James Lee was, as I mentioned earlier, particularly effective in Myra’s piece, while Gabrielle Low also was noteworthy for her ability to appear detached, which invokes a particular kind of danger – of the unpredictable perhaps – when she works it. Adrian Kisai conveys a committedness in performance, but I did feel that this is perhaps not the best medium for him. He may be body beautiful, but he’s certainly not body comfortable on this stage. It would be interesting to see him in more character driven work in the future.

Which leads me to question the framing of the workshop. Was this a choreography for non-choreographer cum dance for non-dancers workshop? Because as an audience, we were cued to deal with the intentional distancing between form and skills presented by the workshop, but there was literally no discourse about the imposition of non-dancers into the mix. One therefore was dealing with the lack of skills on a performative level, which distracted from any real engagement with the choreographic intent of the work. It’s tempting to speculate the outcome of supplying these same choreographers with formally trained performers. What violence upon the sacred realm of movement would that have served up?

The pieces which worked best were those which dealt with these limitations. Pang Khee Teik’s Hallelujah peopled the dance floor with couples enacting minitue dramas of desire and decline in the guise of slow dancing. I felt that it was the first piece to bring a level of discomfort to the audience. Myra and Kim’s caressing embrace, a whisper away from fulfillment juxtaposed beautifully against the struggle for disengagement that seemed to be at the root of Mark and Vernon’s wrestling. Gabrielle Low, immobilised upon Adrian Kisai’s back seemed to speak volumes in the blankness of her stare, while the act of reaching out and deflection between James Lee and Wyn formed a beautiful ballet of hands, where feet obviously had little rhythm.

Mark Teh’s piece took the idea of choreographer to its more abstract sense – choreography of nationhood via the state’s largest organ, the mass media. Two performers, Myra and Gabrielle, write the day’s headlines with chalk on the ground. With all the frenzy of moving body parts it’s not immediately obvious that the words form an ever enclosing grid which actually shrinks the movable space. Through a series of determining moves, the performers are corralled into a corner, like sheep. There, a formation that replicates the spectacle of the national day parade takes shape. Faster than you can sing “Mamula Moon”, the performers whip out plastic flags, and begin to wave them. Then they eat them. Talk about being force-fed a cheap, plastic form of nationalism.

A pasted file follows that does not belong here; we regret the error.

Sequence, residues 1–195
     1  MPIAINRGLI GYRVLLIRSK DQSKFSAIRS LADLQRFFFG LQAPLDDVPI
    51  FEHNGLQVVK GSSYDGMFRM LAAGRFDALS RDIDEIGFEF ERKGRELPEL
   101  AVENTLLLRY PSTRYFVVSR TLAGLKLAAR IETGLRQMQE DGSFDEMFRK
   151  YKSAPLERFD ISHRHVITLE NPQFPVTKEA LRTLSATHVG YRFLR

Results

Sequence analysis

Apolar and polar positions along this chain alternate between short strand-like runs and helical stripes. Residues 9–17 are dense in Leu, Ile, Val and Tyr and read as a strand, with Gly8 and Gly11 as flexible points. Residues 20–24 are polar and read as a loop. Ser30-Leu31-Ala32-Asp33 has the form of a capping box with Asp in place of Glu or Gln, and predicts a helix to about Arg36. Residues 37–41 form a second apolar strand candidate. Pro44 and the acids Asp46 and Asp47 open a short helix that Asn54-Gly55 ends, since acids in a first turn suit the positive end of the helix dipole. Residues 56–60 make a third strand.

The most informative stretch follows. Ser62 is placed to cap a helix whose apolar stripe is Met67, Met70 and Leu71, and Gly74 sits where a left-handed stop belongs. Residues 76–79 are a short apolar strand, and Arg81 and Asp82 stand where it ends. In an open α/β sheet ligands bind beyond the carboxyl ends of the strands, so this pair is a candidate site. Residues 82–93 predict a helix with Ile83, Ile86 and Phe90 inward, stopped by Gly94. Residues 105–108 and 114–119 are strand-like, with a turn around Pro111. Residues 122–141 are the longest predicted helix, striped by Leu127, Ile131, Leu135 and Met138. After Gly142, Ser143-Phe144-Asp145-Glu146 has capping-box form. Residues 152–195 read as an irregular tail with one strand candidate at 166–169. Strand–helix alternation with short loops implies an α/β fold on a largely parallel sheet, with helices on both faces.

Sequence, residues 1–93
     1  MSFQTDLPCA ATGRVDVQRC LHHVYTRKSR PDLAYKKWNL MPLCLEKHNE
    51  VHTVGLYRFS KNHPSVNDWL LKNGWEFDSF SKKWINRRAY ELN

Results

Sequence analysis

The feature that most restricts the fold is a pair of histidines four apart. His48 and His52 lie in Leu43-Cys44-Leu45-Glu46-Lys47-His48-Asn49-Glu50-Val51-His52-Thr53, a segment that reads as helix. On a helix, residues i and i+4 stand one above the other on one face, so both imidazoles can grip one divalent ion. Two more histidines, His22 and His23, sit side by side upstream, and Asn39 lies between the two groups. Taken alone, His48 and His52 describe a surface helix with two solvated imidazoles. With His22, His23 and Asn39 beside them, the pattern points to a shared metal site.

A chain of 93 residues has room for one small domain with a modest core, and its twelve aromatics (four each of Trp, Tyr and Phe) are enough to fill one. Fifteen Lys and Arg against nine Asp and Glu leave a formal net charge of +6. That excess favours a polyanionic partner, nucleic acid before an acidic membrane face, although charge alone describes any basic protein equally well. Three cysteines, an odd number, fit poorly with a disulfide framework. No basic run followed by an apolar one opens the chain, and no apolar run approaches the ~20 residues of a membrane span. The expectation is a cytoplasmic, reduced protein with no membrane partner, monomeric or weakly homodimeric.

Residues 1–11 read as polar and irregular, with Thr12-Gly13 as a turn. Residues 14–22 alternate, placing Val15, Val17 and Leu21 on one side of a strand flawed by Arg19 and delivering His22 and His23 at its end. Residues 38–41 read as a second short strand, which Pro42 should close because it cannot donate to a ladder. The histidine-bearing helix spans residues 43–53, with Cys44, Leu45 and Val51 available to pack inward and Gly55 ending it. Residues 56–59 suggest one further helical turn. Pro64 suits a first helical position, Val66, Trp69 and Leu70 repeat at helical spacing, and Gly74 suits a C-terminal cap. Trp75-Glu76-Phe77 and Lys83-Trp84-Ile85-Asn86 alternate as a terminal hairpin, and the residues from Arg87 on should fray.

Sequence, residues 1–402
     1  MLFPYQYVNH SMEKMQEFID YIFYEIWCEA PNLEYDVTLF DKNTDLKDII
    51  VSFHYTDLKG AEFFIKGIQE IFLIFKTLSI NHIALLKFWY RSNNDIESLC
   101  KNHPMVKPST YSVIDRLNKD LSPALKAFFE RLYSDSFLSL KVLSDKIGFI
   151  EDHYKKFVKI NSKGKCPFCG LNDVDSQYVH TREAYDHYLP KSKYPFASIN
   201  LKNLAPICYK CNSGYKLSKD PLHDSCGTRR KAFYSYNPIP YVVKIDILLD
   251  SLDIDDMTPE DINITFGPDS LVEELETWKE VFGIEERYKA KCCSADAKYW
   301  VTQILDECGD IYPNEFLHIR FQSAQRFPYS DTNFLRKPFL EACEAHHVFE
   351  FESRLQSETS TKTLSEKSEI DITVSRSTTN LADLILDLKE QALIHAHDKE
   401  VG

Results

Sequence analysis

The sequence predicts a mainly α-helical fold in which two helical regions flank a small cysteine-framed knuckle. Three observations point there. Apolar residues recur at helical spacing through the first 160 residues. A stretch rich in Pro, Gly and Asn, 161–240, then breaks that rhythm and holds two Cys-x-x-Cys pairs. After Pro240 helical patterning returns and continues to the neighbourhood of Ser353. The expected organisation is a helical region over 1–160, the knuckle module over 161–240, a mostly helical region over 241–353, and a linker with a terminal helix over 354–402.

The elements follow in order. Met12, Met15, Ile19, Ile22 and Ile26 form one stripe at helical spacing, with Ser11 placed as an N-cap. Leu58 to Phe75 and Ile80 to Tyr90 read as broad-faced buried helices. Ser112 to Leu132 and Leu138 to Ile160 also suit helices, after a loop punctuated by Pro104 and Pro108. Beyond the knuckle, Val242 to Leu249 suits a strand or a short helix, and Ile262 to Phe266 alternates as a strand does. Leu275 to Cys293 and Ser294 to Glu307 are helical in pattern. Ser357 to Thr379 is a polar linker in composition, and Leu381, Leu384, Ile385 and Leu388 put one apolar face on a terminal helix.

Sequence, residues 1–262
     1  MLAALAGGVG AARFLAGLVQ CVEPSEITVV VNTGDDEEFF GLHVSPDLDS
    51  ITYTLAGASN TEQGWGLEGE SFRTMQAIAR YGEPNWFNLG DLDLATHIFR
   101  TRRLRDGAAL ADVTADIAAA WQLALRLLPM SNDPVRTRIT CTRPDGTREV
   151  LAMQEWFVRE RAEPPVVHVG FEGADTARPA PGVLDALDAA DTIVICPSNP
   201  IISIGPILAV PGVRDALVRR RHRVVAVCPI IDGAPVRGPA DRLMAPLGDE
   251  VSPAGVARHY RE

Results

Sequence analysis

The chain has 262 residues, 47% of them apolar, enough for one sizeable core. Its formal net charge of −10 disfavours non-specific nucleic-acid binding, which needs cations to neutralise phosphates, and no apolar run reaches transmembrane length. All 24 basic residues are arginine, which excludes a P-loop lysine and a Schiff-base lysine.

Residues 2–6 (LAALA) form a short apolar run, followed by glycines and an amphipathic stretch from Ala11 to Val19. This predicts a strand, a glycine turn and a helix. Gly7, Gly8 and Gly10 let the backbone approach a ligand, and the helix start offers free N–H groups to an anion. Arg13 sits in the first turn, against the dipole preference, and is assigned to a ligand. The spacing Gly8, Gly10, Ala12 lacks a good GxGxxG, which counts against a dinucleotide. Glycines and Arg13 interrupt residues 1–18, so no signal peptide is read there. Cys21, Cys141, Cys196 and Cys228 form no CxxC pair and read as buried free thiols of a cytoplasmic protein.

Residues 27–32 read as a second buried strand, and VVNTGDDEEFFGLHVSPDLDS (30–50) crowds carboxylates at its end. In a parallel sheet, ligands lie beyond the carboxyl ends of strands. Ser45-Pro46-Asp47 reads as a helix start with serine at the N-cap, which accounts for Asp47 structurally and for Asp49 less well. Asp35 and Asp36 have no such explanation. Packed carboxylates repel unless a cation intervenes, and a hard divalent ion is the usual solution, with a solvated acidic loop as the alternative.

The accidental audience at Central Market seem enthralled by the entire performance, and frankly, so was I. Despite my very many problems with the performance, it was an afternoon of art with risks, and risk takers are what we desperately need today.

So, dance or not dance? Is that even a question worth asking? Because, stepping away from the individual pieces, is it not possible to view the entire project-workshop and performance as one tightly choreographed event? The choreographer, in the guise of the facilitator, organises a series of encounters with 11 individuals, which turns them into the building blocks, each unit not merely moving, as would a dancer, but first conceptualising, then creating, then enacting each movement – which she then constructs into a full performance?

And does not this act of meta-choreography illustrate perfectly that choreography is manipulation ¬of limbs, of stances, of desires, of thought, of actions, of citizens, of nations?

Should we not be asking ourselves if we have just witnessed Marion D’Cruz’s most recent, most audacious and most accomplished choreography to date?

~ ~ ~

Kathy Rowland is co-director of Kakiseni.

Tuesday, July 04, 2006

More after evaluate

It is thought-provoking to read other people's report/ evaluasi.
Actually, I thought my evaluation is a bit cold and not sincere, here, I have more to share. :p

I must admit the workshop has make me work, really work. I haven't been doing physical work for a while and this is a real good chance, and working with these funny and crazy and kind and forgiving people is just pure pleasure.
To be honest, during the rehearsal period, I got so excited on every single rehearsal day, so looking forward to it, suddenly my life brighten up heaps more. Ha ha ha! Just can't help myself to be excited. It's just too much fun. Truthfully, I want say: 'Thanks Marion!' 'Thanks guys!'

Well, I learn lot more than what I wrote on my evaluation, on a very personal level, it's a bit complicated so I shall keep it to myself. I didn't give much thought about the performances, because I see it as the milestone and not the end. But, if we did go to the tunnel it would be a different experience.
Yes, sure Central Market is a colourful place, my school day would be dull without it ;)

Look forward for the next workshop by Marion.





Don't you miss this?

The Manchurian Report


· what worked well for you in the workshop?
The workshop worked well for me in terms that I could see the various participants’ contributions of ideas, working methods, and visions. A very good place & process to learn what works, and what not and also a good place to copy or borrow and to see things in a different way (I need that badly…). So guys don’t be surprised if u sees something similar in my future works (theatre or films)